Yes, sometimes being restless and pursuing different things can give us satisfaction. It keeps us busy, entertained and we get to learn so much about different things. But after some time we might realise that we haven't really done anything that we find meaningful. We find ourselves at a moment where we have done so much but not achieved or found what we truly care about. Especially as a restless person tends to move to the next goal before completing their current goal.
For example, a person can begin learning how to play the piano, but when it becomes a little bit more complicated, they move on to the next thing. So this person ends up knowing a lot of things, but all on a surface level. If you ask a restless person what their passion is and what gives them energy, they might find it challenging to distinguish their true passion.
Therefore, being restless can be fulfilling in the short term, but in the long run, the person might look back and realise that they have not really gone deeper; they have not actually committed to something and invested in that one dream that truly makes them happy.
Perfectionism can be another self-sabotaging behaviour. Being a perfectionist does not mean wanting to deliver everything perfectly. It means that the perfectionist never feels that they have done enough and always ends up pushing for more.
Perfectionists tend to never reach the point where they feel satisfied with their work, put themselves out there and eventually deliver something. So the perfectionist eventually gets exhausted and loses motivation. As the perfectionist has gone into so much detail and micromanaged every step of the way, they eventually stop doing what they are doing and stop loving their project.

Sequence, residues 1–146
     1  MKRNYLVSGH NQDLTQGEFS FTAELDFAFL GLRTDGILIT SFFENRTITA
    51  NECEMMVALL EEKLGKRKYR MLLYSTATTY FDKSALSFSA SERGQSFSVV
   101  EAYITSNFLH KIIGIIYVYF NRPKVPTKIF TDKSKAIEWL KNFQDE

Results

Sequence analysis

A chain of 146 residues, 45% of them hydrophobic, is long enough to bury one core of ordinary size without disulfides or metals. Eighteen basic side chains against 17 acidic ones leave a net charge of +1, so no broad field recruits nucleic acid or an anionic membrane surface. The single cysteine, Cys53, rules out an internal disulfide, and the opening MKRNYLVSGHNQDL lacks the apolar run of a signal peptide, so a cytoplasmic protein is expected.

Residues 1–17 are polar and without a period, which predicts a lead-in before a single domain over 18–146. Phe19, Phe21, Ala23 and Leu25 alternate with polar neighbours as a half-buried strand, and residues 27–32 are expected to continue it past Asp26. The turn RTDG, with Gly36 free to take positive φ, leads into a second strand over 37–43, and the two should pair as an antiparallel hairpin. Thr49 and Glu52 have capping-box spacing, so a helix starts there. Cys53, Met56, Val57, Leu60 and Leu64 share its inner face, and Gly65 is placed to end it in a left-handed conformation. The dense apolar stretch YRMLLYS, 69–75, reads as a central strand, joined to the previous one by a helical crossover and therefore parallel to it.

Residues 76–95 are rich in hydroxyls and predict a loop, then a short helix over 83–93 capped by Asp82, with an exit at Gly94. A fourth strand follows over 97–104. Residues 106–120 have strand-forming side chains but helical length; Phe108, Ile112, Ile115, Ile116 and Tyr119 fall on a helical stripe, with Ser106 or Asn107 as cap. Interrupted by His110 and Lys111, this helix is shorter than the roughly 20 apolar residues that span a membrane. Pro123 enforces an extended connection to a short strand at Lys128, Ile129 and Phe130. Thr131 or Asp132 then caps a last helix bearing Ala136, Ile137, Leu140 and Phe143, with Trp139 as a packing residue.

There simply is no energy or motivation left to complete what they have started. So being a perfectionist is not always healthy, there are toxic perfectionists that focus only on the details and push themselves way too hard, sometimes to the point where they burn out.
The last self-sabotaging behaviour is self-victimising. People in the self-victimising role feel that it is better to put the responsibility on somebody else, life or the world and fail to take responsibility.
For example, a self-victimising person might have thinking patterns such as:
- "If the world had treated me nicely, then I would have grown."
- "If my family would have had more money, then I would have been able to succeed."
- "If I had started earlier working on my career or studies, then I would have saved so much time and I would be so much more successful."
As you can see, self-victimising people tend to put the responsibility on somebody or something else, creating the perfect excuse for their current situation. This way they do not have to take any action now, they can just stay stuck in their victim role with the perfect excuses and become passive observers of their own life.
So, why do we self-sabotage ourselves?
We have explored the five main ways in which we might self-sabotage our growth journey. Sometimes self-sabotaging behaviours stem from beliefs or schemas about how other people need us more than we need ourselves, or that the world is to blame for our shortcomings. Or sometimes the habits stem from our desire to do everything or to avoid difficult conversations or situations.
Whatever the reason, these behaviours can stand in the way of our success and happiness. If some of these behaviours resonate with you, please feel free to share your thoughts with us. And, if you need any help untangling your self-sabotaging behaviours, send us a message. You are not alone.